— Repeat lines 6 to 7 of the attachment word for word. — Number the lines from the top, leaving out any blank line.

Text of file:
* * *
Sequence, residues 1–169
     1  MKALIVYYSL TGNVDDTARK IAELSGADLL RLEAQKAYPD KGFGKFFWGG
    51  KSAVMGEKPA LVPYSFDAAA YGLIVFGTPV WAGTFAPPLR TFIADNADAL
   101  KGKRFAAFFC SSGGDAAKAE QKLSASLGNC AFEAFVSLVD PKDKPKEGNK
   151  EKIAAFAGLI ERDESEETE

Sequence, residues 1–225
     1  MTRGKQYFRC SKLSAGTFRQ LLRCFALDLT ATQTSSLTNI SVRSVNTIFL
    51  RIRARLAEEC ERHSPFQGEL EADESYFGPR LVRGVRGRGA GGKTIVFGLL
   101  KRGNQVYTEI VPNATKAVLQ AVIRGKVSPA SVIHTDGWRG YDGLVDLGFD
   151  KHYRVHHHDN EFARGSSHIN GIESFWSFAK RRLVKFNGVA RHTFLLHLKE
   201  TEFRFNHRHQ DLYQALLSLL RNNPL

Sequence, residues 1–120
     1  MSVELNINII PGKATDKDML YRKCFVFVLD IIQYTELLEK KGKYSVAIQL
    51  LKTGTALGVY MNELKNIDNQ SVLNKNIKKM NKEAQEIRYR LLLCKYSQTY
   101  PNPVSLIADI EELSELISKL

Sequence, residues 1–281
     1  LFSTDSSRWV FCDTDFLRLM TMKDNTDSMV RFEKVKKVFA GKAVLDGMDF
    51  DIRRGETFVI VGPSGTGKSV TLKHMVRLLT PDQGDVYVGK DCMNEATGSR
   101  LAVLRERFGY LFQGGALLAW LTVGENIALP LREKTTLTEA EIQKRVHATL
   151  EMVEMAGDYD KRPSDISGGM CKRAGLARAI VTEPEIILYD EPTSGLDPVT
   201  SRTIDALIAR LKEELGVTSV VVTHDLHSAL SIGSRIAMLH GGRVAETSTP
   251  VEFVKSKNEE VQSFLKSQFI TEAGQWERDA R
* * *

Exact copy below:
Sequence, residues 1–225
     1  MTRGKQYFRC SKLSAGTFRQ LLRCFALDLT ATQTSSLTNI SVRSVNTIFL